The Concordia Chicago football team edged Concordia Wisconsin 22-21 in double overtime during homecoming on Saturday to move into first place in the in the Northern Athletics Conference.

The Cougars (7-1, 4-1) had the first possession in overtime but were unable to move the ball.

Concordia Wisconsin also had trouble moving the ball on its possession. After three plays that netted zero yards, the Falcons elected for a 42-yard field goal attempt by Dan Winsey. The kicker had booted at least one field goal in eight straight games, but this attempt hit the left upright and caromed harmlessly away.

The Falcons scored in the second overtime on a one-yard sneak by Thomas Pacchioli. Winsey booted the extra point, and the Falcons took a 21-14 lead.

On the Cougars’ ensuing possession, Savonte Hunt made the key reception on a third-and-six as he broke loose for 16 yards and a first down at the five. On the next snap, quarterback Mike Marotta found Mike Egebrecht in the end zone for the six points.

The Cougars surprised both the Falcons and many of the fans in attendance by electing to go for two points. Marotta took a few quick steps back and threw to Egebrecht on the right side of the end zone. The Falcons’ defender interfered on the play, drawing the flag, but it did not matter as Egebrecht held firmly onto the ball. The referee signaled the good conversion as Egebrecht was mobbed by his teammates and fans.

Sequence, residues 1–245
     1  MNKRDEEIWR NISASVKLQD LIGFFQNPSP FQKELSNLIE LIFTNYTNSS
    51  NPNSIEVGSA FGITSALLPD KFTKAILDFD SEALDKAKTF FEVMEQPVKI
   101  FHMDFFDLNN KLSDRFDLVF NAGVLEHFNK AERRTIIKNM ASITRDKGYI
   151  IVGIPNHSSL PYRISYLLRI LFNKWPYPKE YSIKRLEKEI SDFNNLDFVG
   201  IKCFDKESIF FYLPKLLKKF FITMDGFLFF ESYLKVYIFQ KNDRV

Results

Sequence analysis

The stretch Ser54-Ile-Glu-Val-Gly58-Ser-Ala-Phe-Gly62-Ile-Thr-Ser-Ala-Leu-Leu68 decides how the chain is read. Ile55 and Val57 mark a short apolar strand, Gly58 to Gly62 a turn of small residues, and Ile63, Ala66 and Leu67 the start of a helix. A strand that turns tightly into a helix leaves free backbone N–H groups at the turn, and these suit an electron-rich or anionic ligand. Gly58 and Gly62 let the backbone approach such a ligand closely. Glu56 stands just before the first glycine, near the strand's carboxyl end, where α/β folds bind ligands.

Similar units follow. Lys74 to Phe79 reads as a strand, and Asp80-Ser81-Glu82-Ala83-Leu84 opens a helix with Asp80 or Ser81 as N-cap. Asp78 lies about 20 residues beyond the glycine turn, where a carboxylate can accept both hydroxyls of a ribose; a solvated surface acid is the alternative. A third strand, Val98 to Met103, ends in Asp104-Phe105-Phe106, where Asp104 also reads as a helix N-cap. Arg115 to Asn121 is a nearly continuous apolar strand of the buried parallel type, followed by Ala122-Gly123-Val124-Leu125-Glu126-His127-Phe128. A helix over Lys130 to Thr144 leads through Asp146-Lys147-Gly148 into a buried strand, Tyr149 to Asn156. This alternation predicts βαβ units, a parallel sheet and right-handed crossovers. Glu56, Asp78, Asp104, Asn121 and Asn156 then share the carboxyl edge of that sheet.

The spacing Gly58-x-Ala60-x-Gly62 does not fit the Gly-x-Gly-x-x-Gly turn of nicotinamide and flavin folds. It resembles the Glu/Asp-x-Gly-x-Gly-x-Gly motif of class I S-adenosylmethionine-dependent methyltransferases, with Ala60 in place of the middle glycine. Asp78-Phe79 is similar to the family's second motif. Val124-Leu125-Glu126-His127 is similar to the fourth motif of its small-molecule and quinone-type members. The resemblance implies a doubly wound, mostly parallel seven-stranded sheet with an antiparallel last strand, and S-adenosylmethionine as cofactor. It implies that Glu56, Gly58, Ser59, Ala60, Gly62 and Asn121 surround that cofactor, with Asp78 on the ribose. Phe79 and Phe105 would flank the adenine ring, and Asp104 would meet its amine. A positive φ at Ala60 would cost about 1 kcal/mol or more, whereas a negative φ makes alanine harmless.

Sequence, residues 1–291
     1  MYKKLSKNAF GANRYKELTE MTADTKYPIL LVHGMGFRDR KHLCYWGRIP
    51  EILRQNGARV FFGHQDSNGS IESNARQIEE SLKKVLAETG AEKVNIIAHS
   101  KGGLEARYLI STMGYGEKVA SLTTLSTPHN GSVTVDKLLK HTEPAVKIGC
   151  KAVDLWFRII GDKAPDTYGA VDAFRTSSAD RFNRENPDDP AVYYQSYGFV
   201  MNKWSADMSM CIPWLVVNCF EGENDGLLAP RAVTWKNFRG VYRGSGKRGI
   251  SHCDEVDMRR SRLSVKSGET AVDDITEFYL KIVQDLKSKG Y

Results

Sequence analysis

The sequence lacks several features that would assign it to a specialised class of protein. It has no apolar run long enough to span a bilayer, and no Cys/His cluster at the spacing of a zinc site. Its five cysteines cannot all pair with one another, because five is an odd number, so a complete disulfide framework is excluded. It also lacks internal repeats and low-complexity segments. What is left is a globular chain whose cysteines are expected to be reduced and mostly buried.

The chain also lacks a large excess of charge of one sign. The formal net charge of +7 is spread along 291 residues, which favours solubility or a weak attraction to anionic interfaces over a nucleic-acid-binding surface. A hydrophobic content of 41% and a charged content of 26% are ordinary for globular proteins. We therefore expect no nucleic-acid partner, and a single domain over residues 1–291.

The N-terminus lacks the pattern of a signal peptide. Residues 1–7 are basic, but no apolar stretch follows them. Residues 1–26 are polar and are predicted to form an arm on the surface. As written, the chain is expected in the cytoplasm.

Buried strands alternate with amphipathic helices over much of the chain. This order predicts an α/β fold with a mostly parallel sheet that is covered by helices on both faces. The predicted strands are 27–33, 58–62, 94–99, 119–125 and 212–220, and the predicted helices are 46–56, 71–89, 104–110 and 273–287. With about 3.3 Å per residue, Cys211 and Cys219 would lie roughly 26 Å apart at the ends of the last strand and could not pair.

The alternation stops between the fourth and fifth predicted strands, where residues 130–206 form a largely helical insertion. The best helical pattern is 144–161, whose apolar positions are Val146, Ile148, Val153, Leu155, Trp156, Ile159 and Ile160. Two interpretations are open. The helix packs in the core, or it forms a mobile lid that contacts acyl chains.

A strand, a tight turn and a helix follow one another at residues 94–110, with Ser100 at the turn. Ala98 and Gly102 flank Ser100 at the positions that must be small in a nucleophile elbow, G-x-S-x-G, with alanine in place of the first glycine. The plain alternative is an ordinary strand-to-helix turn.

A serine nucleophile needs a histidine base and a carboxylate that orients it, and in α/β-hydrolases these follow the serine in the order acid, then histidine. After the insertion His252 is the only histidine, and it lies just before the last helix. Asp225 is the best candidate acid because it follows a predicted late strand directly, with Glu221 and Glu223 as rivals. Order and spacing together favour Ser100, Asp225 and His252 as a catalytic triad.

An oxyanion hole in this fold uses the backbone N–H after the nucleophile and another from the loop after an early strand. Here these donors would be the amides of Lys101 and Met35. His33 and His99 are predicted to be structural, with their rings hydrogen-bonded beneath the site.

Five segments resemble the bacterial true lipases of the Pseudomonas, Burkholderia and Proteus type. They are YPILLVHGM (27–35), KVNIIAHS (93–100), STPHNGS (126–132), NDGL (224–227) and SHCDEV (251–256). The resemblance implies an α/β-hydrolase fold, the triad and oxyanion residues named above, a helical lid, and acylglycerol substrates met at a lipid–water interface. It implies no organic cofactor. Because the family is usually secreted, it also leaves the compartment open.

The win was Concordia Chicago’s first over the Falcons since 1987.

“This was a great win with the way that we hung in there and got it done at the end,” said head coach Lonnie Pries. This will be one to look back on in the off-season, but we still have work to do over the next few weeks. We have not won the conference yet, although today was a big step toward that goal.”

Concordia Chicago will travel to Aurora University on Saturday before wrapping up the regular season on Nov. 14 at home against Benedictine University.

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Brad Spencer

Brad Spencer has been covering sports in and around Oak Park for more than a decade, which means the young athletes he once covered in high school are now out of college and at home living with their parents...